Machine Learning & Supernovae

This post, from Berkley statistician Joey Richards, is one of three marking the end of this phase of the Galaxy Zoo : Supernova project. You can hear from project lead Mark Sullivan here, and from the Zooniverse’s Chris Lintott here.

Thanks to the efforts of the Galaxy Zoo Supernovae community, researchers in the Palomar Transient Factory collaboration have constructed a machine-learned (ML) classifier that can reliably predict, in near real-time, whether each candidate is a real supernova. ML classification operates by employing previously vetted data to teach computer algorithms a statistical model that can accurately and automatically predict the class for each new candidate (i.e., real transient or not) from observed data on that object. The manual vetting of tens of thousands of supernova candidates by the Galaxy Zoo community has provided PTF an invaluable data set which could be used to accurately train such a ML classifier.

The ML approach is appealing for supernova vetting because it allows us to make probabilistic classification statements, in real-time, about the validity of each new candidate. Further, it allows the simultaneous use of many data sources, including both new and reference PTF imaging data, historical PTF light curves, and information from external, on-line sources such as the Sloan Digital Sky Survey and the U.S. Naval Observatory. In total, our automated ML algorithms use 58 metrics about each supernova candidate, all of which are available within seconds after PTF detection of the candidate. These metrics—features in ML parlance—are fed into a sophisticated algorithm, which uses the aggregate of information from more than 25,000 historical supernova candidates which were rated by the Zoo to instantaneously determine whether each newly observed candidate is a supernova.

Human vs Machine scores for Supernova candidates

False Positive rate and missed detection rate for human and machine classifiers.

Our “ML Zoo” has been operating since the beginning of 2012 and has been thoroughly tested against the Human Zoo scores. We found that the ML Zoo scores correlate reasonably well with the average Human Zoo scores for 7000 supernova candidates observed during the first 3 months of 2012 (Figure 1). We also discovered that the ML Zoo is more effective at finding supernovae. In Figure 2 we show a plot of the supernova false positive rate (% of non-supernovae that were classified as supernovae) versus the supernova missed detection rate (% of confirmed supernovae that were classified as a non-supernovae) by both the Human an ML Zoos for 345 spectroscopically confirmed supernovae from 2010. Indeed, the ML Zoo achieves a smaller missed detection rate at each false positive rate.

Joseph Richards works in the Statistics and Astronomy departments at
the University of California, Berkeley as an NSF-sponsored
postdoctoral researcher supported by an interdisciplinary
Cyber-enabled Discovery and Innovation grant. His main area of focus
is astrostatistics and he holds a Ph.D. in Statistics from Carnegie
Mellon University. In his academic research, he has developed
sophisticated statistical and machine learning methodologies to
analyze large collections of astronomical data.

8 responses to “Machine Learning & Supernovae”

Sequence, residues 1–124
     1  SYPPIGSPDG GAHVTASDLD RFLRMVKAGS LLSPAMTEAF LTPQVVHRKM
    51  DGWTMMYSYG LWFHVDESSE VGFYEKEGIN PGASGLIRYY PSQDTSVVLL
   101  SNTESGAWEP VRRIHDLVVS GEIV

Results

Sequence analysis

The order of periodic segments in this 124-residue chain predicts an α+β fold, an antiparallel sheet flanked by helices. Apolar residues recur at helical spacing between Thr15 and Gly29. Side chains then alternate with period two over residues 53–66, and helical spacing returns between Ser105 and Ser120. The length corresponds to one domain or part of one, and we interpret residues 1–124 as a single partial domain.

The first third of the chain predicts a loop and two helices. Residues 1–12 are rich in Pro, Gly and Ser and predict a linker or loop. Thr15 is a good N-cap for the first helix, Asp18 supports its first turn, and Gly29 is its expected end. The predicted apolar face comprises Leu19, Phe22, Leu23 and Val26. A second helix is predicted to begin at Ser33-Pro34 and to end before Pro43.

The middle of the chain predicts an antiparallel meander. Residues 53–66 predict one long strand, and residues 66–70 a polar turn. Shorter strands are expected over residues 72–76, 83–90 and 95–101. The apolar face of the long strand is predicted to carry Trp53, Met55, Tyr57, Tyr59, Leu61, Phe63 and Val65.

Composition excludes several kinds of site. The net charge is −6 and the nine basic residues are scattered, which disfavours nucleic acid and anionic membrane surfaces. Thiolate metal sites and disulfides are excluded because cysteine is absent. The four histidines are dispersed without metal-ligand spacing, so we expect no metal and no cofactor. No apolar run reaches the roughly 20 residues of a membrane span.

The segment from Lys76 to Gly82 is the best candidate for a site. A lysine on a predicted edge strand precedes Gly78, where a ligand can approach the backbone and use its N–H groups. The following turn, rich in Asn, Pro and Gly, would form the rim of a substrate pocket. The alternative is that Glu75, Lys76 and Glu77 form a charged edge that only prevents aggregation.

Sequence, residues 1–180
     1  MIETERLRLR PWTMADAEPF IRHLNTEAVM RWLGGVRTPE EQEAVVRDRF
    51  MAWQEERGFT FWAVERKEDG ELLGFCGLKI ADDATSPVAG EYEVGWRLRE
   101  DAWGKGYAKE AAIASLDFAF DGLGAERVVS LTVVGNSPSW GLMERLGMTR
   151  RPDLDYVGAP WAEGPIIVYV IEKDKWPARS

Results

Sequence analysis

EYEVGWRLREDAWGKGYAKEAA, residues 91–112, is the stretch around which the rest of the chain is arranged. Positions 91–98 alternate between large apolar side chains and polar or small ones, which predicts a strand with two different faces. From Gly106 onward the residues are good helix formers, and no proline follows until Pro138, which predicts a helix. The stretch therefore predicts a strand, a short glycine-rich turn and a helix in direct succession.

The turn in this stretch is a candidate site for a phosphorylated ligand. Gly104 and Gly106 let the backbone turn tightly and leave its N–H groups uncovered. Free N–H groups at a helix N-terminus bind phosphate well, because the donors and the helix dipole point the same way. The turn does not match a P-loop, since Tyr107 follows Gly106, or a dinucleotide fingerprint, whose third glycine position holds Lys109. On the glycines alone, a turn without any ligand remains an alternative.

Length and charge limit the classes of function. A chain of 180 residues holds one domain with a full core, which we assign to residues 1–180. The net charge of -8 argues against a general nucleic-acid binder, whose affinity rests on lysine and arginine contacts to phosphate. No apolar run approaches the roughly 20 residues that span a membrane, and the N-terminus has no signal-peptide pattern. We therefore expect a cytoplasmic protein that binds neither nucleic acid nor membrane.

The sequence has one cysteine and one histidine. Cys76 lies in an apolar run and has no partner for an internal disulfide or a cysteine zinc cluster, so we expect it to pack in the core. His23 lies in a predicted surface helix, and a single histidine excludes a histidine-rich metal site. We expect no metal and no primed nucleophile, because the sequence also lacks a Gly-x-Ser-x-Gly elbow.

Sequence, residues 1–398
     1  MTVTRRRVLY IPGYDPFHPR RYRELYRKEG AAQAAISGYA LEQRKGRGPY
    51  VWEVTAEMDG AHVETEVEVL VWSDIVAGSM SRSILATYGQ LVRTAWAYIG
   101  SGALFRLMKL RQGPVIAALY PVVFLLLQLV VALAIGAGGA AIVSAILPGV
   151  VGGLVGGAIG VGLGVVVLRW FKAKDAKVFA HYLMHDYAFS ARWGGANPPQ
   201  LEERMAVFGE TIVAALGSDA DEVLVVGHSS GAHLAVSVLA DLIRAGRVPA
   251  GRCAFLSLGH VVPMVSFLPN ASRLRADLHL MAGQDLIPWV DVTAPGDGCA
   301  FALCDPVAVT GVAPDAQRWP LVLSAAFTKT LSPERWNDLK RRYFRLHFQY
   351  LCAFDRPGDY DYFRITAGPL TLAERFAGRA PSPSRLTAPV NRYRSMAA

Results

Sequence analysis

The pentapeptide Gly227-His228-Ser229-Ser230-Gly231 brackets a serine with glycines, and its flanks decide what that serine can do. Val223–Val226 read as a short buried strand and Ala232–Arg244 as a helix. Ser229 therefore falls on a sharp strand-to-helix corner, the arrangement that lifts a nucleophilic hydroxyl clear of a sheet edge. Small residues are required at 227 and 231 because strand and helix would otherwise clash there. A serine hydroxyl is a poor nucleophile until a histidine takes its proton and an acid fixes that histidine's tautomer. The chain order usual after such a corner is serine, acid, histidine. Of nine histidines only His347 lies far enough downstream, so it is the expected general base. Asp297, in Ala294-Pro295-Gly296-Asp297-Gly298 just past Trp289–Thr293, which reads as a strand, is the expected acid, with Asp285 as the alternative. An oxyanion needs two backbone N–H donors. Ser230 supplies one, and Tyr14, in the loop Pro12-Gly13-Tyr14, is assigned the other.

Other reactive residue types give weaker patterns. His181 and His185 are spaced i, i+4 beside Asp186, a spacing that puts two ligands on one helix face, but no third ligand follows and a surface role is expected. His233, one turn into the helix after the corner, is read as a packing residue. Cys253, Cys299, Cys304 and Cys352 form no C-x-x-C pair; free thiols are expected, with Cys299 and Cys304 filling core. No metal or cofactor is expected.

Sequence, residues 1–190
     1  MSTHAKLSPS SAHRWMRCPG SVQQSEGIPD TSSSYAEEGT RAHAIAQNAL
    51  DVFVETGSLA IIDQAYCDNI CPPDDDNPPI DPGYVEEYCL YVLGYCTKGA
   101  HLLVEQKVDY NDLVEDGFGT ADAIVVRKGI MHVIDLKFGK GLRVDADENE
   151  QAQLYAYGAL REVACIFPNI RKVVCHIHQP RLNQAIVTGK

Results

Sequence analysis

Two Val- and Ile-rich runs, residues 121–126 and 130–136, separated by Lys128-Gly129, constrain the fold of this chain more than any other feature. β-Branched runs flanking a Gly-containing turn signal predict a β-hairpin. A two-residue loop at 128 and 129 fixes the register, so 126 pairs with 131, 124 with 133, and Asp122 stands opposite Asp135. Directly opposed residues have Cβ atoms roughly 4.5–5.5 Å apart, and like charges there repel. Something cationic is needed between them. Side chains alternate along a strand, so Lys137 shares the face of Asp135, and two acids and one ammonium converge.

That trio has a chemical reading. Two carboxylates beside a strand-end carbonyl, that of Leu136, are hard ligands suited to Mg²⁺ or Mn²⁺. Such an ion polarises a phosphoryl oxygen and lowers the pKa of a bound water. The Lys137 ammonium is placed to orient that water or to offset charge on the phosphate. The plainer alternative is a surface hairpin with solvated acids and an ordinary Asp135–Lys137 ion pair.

1. robert gagliano says :

    I wonder how the ML Zoo would fare in the graph of MDR vs. FPR if the Human Zoo were restricted to only the most experienced Human classifiers…..kind of Mel Fischer or Gary Kasparov vs. “Big Blue”? I suspect that the ML Zoo would lose.

  2. robert gagliano says :

    Make that Bobby Fischer ( famous chess player) not Mel Fischer (famous ship wreck salvager).

    • chrislintott says :


      I think this comment is spot on – and as I mention (I hope) in my post on the Zooniverse blog we’re working on exactly that. I’m hoping to blog more about this in the next couple of days, so watch this space…


      • Wolfgang says :

        With a bit more advanced possibilities for humans to view the images (user choosable field size to get enough stars for intensity profile comparisions, user choosable contrast settings to be able to bring candidates out of saturation, …) the human hit rates could easily increase further.

  3. Graham Dungworth says :

    Joey and Mark have made a very bold claim indeed. The HZ’s do retain a complete image data collection for the whole periods 2010 through 2012. Several posts on the supernovae threads noted supernovae discoveries despite bad and chronic data imagery. distortion etc. Yet with our names, generally 10-20 participants, were appended to manyof those discoveries despite considerable consternation on our part. The ML claim appears to imply that even bad data can be transformed into enhancing discovery rates This is patently absurd. There was ample time to provide feedback during the last three years but participation by the machines was was even more minimal than Clarke and Pohl’s Machine Stored in the “Last Theorem”, and consider what their demise was.

  4. Wolfgang says :

    One or two decades ago AI did reach a hit rate for correct classifications of no more than 90 to at most 95% with more complex tasks. So plenty to do for a second run human classification.
    What are the numbers with your ML approach ?

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  1. I, for one, welcome our new machine collaborators « Zooniverse - August 3, 2012

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